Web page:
Originally published Aug. 7, 2014, at “… in the meantime.” Republished with the permission of the author.

Here’s the simple but just a little troubling question I’ve been wrestling with since participating in Luther Seminary’s recent Rethinking Faith Formation conference: Given how many other groups and movements legitimately lay claim to our allegiance today, can the church ever expect to exert the level of influence in our lives that it once did?

Let me explain: In medieval times the church was everything and everywhere – involved in politics, in control of the banks, the arbiter of salvation (or damnation), the final authority on all matters of domestic and public life.

The omnipresence of the church has been declining for several centuries, but even in my grandparents’ day, it remained the center of both their civic and private lives. And as a kid, I still participated in annual Christmas pageants and programs in our public school.

Living in a pluralistic society, that is simply no longer the case. Nor should it be. I can’t imagine the God we know through the vulnerability of manger and cross wanting us to force-feed our faith to everyone who happens to want a public education. Moreover, many, many other groups – civic groups, sporting clubs, political parties, advocacy groups, and all kinds of leagues, clubs, and associations – have some good things to offer and become part of our lives. And most of these aren’t connected with the church. (Remember when softball and volleyball and bowling and more were often composed of church leagues? No longer.)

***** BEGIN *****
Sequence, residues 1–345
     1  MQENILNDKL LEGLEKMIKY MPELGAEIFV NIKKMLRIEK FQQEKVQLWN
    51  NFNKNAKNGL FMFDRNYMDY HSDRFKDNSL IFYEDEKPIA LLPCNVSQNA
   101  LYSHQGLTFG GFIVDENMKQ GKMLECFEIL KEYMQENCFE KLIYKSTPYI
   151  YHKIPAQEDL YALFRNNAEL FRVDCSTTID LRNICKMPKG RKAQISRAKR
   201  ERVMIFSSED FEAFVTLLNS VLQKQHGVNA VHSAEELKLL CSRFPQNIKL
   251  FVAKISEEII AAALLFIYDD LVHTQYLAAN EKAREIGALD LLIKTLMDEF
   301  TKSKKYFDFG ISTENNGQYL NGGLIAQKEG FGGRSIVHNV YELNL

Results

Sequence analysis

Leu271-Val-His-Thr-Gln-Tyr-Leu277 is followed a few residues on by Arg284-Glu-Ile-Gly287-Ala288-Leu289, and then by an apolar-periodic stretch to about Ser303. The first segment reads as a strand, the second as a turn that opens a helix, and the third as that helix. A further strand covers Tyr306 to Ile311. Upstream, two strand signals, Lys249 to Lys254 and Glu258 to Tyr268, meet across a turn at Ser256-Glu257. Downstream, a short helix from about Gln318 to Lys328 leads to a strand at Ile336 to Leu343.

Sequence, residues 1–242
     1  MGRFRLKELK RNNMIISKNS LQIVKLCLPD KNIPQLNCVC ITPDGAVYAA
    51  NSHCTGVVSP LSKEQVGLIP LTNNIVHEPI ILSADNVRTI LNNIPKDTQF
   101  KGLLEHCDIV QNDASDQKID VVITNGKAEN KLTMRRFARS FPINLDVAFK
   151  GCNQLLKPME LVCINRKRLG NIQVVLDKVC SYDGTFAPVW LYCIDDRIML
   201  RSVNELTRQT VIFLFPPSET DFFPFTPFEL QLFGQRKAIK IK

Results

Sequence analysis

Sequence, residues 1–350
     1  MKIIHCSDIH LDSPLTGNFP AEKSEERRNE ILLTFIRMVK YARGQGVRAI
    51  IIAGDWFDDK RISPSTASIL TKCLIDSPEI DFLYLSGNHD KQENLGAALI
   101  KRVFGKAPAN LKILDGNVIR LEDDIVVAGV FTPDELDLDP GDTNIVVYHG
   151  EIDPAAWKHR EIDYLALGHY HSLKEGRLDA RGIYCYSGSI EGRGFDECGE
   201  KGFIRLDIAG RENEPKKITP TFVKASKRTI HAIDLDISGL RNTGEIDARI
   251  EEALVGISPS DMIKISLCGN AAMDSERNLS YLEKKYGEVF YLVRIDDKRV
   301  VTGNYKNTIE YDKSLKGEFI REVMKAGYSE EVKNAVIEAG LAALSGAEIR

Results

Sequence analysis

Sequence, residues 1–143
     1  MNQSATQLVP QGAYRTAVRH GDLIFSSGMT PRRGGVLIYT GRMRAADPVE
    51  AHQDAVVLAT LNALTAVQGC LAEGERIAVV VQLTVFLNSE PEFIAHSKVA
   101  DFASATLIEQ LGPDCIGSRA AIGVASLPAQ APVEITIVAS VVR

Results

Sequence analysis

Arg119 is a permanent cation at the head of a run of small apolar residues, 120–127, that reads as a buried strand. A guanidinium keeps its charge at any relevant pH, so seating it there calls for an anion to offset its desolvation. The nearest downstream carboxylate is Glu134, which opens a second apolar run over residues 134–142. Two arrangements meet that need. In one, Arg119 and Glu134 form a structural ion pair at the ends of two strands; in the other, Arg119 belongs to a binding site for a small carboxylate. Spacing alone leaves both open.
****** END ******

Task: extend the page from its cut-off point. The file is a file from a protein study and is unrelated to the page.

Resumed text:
All of which means we have multiple allegiances and are associated with lots of different groups that lend us part of our identity.

What, then, do we expect of the church? Do we expect it to be “first among equals,” taking priority over every other affiliation (even when we often devote more time, energy and money to other groups)? Do we expect it to help bring our other activities into focus, that we might see these different enterprises in light of our faith? Do we treat it as one of several groups that is important to us?

I lean toward the middle option, hoping that my participation in congregational life deepens me in the faith so that the Christian story provides a lens through which I look at and make sense of the rest of my life.

But if that’s true, then it seems to me that church needs to change, and that includes – actually, that especially includes – worship. Because it’s not just that church is no longer at the center of our culture, it’s that the culture no longer has a vested interest in helping us learn our faith. Politicians from Benjamin Franklin to Dwight D. Eisenhower affirmed church participation because it helped make people good citizens. (The quote attributed to Eisenhower is telling: “I don’t care what church they go to, as long as they go to church!”)

Because that’s no longer the case, we can’t rely on people coming to church already formed in the faith and ready and eager to witness a public performance of the faith by the pastor. Rather, we need to organize church – especially including worship – with the goal of actually forming Christian faith in our people. Which means the good church isn’t the one with the best preacher or organist or music program. The good church is the one where people slowly but surely learn the Christian story and, more importantly, learn how to use the story to make sense of their lives and share their faith with others.

But, again, with all the groups that seek to contribute genuinely and sincerely to our lives, how much are we willing to give over to allow church to do that? This is a real question for me.

David Lose
David Lose is president of the Lutheran Theological Seminary at Philadelphia.

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